In this book Jesse Cromwell dedicates great effort to understanding and diagnosing the society that gave rise to the contraband so characteristic of eighteenth-century colonial Venezuela. He presents a complex picture of a society supported by illegal, corrupt behaviors and a peculiar morality that connected Venezuelans and Europeans in the Caribbean in unsuspected, sustained, and creative ways.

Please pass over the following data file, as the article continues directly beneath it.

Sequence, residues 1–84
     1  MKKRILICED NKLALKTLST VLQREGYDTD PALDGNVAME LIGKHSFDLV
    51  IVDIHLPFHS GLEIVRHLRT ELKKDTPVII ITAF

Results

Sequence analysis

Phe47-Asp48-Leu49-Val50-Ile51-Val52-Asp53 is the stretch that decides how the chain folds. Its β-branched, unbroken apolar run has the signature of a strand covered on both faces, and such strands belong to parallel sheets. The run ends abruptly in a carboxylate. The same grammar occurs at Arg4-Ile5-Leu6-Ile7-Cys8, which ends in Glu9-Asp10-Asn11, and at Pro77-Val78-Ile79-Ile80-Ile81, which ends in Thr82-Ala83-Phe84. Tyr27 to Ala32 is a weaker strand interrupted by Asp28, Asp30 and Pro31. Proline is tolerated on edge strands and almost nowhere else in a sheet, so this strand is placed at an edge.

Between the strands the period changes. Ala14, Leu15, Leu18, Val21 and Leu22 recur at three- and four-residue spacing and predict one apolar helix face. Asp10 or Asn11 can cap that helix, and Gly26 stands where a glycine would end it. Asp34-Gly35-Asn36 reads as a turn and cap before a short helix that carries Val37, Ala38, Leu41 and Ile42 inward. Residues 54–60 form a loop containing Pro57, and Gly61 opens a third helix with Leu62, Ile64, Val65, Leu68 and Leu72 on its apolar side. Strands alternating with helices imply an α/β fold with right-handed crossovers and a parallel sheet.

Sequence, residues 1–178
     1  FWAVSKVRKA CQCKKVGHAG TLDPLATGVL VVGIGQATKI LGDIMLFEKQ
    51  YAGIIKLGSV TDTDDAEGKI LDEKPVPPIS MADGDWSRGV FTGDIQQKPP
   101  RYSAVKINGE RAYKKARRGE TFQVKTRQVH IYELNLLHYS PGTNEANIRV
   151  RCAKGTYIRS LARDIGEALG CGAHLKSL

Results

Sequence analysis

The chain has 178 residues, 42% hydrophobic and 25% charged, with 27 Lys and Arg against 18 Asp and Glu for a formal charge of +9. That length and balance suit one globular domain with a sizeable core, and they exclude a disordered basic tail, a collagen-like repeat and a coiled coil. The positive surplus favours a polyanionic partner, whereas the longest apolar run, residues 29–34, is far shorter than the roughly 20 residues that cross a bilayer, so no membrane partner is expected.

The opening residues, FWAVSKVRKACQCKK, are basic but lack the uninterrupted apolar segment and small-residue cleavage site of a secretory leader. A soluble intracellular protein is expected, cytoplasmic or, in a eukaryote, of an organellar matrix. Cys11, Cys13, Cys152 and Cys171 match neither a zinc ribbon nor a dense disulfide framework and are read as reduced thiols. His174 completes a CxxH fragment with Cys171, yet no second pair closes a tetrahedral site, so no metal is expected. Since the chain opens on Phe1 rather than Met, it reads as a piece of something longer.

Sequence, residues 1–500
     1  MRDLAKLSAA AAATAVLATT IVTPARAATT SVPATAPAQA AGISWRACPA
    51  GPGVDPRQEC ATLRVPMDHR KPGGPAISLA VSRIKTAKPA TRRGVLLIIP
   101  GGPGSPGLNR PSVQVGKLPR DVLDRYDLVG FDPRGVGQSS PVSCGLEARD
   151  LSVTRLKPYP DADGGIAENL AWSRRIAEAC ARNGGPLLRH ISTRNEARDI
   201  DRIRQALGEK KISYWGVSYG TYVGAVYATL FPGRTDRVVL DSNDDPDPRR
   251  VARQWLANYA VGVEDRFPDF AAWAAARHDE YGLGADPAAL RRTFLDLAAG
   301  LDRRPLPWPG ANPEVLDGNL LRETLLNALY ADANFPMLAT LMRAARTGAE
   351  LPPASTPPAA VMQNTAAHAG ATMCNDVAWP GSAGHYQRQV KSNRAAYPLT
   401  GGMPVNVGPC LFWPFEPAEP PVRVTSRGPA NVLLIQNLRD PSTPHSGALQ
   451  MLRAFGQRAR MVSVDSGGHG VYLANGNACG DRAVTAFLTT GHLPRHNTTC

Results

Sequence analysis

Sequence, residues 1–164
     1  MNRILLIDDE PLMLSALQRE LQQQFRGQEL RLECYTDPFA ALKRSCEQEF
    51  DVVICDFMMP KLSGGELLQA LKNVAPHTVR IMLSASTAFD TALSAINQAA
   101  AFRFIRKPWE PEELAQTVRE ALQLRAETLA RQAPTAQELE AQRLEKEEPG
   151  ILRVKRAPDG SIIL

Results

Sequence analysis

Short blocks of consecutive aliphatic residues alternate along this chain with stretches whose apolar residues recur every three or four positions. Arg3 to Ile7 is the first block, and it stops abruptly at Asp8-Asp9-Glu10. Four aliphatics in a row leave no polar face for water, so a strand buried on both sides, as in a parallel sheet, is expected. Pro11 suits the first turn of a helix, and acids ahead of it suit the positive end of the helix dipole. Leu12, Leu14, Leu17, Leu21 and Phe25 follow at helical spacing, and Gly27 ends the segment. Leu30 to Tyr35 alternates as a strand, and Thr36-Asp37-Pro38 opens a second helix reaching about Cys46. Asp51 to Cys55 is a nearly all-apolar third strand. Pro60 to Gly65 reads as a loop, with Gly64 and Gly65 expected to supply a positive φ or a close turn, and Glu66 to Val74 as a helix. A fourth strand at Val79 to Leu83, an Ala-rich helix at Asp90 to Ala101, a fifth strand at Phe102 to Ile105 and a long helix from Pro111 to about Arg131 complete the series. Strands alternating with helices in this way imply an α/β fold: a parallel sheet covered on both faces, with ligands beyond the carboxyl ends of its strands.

Cromwell examines the long history of imperial disdain for Venezuela, marginalized by the great colonial projects that formed what today are Peru and Mexico, and those social spaces that affected Venezuela's consolidation. Cromwell is interested in understanding contraband as the response of a neglected, impoverished colony seeking to survive and how this culture of contraband was disrupted by the forceful presence of the Real Compañía Guipuzcoana de Caracas from 1728 to 1784. The most successful of its kind throughout the eighteenth century, this entity, known...

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